Litter tray etiquette

How to chose the best litter tray

During my time as a pet sitter, I have seen a plethora of cat litter trays.  Those with hoods, large ones, small ones, the downright silly ones, self cleaning ones and I could go on!

Firstly, I would suggest that even an outdoor cat should have a litter tray.  The reason being that if your kitty is ill, or you need to keep him in, they are litter trained and able to use a tray.  It will also save on any little accidents that may occur as a result of a bad tummy.

The cat litter boxes I have attended have all, without exception, been plastic, so which does your cat prefer?  Well, unless you are Dr Dolittle, we must rely on your cats preference.  For example, kittens will be fine with a smaller tray, but an adult cat will almost always prefer a larger space to do their business.

Hooded trays provide a good degree of privacy, while others would prefer an open space, especially if you have more than one cat.  Why not buy one of each and watch to see which one is preferred.

I have three cats and three jumbo size trays.  Two are hooded, one is open and of the three, the two hooded ones seem  to curry favour.

Where should l place the trays?

I would strongly suggest that they be placed apart in different areas of your house.

Your cats need a safe and quiet safe space, so place them in a quiet corner or adjacent to walls.

Toilet sites should be kept away from areas in the home where food is prepared and eaten.  Never place them in busy thoroughfares, or near cat flaps, which could come under threat from neighbouring cats.

What litter should l use?

Of all the types I have cleaned, by far the easiest is the ‘clumping’, litter.  It is also (in my opinion), the most economical, since litter made of crystals are non absorbent, messy and a large area needs to be removed in order to clear all the waste.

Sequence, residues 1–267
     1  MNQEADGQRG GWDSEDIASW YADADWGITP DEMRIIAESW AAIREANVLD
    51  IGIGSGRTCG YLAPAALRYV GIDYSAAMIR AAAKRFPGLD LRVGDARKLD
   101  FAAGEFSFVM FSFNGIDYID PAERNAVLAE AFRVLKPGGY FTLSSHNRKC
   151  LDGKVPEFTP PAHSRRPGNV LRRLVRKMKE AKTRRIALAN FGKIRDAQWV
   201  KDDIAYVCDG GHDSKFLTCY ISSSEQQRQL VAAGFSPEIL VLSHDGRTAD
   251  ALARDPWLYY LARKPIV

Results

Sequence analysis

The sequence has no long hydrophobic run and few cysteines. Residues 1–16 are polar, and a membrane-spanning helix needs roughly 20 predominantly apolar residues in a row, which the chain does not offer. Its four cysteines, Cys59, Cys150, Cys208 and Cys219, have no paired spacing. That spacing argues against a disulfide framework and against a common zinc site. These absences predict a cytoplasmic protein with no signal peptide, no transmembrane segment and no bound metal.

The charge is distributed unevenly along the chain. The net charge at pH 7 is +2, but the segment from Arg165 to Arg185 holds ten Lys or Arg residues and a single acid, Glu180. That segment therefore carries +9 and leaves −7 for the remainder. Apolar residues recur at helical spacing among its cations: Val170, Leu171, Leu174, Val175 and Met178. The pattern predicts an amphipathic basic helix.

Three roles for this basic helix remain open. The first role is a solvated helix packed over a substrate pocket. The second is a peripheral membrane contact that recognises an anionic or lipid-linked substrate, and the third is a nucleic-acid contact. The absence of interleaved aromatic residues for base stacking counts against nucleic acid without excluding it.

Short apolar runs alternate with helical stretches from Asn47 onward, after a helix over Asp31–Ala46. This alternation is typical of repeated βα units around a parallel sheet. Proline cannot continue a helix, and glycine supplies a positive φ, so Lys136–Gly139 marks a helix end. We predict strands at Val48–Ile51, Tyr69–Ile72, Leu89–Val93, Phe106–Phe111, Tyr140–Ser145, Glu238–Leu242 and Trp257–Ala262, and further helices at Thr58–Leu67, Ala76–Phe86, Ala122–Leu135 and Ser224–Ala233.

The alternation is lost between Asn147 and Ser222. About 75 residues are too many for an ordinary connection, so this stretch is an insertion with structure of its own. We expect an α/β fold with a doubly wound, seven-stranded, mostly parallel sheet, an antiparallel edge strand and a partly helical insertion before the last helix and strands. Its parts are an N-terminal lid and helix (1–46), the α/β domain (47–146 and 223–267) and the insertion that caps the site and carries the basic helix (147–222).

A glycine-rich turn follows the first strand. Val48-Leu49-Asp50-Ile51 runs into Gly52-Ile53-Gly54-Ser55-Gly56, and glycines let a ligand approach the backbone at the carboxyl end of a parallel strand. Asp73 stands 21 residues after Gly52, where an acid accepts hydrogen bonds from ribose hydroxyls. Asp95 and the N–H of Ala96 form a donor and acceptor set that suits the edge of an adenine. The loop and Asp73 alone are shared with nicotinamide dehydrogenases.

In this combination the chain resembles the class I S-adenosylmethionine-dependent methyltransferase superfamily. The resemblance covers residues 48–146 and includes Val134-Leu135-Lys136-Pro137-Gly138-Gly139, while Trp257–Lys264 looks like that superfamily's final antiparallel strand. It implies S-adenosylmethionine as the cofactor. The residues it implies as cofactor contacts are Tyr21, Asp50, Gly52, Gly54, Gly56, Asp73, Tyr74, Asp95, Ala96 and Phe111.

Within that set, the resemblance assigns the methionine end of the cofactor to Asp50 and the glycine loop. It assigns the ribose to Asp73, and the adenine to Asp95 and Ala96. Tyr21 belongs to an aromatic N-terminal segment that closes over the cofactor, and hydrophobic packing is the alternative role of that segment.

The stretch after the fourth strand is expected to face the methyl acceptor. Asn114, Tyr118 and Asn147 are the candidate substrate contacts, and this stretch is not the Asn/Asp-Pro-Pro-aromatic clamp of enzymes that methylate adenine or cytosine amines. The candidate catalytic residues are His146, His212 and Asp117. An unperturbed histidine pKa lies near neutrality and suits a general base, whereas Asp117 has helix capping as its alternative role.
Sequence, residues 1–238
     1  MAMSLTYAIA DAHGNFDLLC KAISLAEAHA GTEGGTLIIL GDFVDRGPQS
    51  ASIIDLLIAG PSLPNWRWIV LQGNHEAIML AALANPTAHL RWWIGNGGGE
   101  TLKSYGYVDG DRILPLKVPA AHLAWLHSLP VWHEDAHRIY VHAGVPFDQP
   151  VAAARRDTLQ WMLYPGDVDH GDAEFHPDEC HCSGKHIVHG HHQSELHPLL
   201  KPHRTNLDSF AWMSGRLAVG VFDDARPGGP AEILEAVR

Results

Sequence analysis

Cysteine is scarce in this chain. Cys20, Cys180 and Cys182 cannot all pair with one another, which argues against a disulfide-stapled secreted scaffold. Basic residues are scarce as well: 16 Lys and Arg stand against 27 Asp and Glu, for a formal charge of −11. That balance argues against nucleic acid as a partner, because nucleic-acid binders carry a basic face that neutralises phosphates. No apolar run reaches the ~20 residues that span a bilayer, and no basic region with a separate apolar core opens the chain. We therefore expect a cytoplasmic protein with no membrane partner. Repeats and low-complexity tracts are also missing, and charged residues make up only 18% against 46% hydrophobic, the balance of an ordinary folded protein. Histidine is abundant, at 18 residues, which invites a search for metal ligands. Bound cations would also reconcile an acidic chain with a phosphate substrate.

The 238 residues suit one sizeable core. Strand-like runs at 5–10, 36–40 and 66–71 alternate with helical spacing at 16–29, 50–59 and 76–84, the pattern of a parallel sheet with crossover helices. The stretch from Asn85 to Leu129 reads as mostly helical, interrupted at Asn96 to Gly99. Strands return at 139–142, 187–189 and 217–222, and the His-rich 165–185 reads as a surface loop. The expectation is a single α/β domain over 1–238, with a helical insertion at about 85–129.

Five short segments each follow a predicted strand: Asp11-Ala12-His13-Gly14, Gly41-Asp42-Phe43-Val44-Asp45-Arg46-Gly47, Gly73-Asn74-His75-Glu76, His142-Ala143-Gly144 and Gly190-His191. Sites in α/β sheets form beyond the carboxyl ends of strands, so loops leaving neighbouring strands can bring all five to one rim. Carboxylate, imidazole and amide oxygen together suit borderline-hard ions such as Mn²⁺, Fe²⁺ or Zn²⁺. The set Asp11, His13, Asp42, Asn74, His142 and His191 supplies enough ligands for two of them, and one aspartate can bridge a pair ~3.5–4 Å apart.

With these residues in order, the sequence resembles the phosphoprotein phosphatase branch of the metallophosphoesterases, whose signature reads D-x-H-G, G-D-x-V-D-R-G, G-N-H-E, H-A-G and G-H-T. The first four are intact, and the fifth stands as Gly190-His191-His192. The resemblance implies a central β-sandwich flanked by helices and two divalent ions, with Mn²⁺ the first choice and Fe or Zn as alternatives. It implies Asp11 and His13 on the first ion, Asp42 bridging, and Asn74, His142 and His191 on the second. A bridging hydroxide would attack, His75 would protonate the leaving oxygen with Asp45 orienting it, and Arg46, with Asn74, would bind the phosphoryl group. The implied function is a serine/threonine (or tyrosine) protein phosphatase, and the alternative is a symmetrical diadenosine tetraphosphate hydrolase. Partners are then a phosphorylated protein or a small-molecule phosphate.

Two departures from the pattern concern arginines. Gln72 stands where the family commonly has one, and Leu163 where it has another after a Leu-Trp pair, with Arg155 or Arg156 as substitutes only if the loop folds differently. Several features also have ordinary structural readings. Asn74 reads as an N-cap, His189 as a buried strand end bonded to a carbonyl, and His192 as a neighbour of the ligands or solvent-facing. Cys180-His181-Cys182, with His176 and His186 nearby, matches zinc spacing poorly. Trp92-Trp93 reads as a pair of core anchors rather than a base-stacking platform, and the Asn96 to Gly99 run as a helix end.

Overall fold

I particularly dislike shredded newspaper, which some of our clients favoured.  It may be a free source of litter, but the print when soaked is particularly messy and is certainly not good for your cats.

What about litter liners?

While these plastic liners were designed to protect the tray and contain the mess of urination and defecation, in reality they leak badly from the punctures and tears.  It makes removing the soiled contents extremely messy, hence I would never recommend this type of product.

Neither do I like scented deodorants, since they are overpowering and cannot be good for cats wellbeing.

How often should l clean the trays?

I clean my cat trays at least twice a day, with a complete change once a week.

I would also strongly advise against the use of disinfectants, since they can be toxic to your cat.  Whatever cleaning product you do use, ensure that they are safe for your cat.

I hope that the above helps you to choose the best litter tray for your cat(s).  Remember that like us, each cat is different, so it may be a little trial and error until you find one that is best suited.

If you have any suggestions, please leave them in the comments below.

 

 

 

 

 

5 Benefits of adopting a pet

Please take me home

There are so many benefits of adopting a rescue pet, not least because you will be saving lives and also have a friend for life.

When you adopt a shelter pet, it really can be a life changing moment. Nothing can beat the excited wag of dogs tail, a happy purr, or a long cuddle at the end of your working day.

There is a serious pet overpopulation in the U.K and not every pet is lucky enough to find a new home, which results in healthy cats and dogs being put to sleep. The following are five good reasons to adopt from a rescue group, or shelter.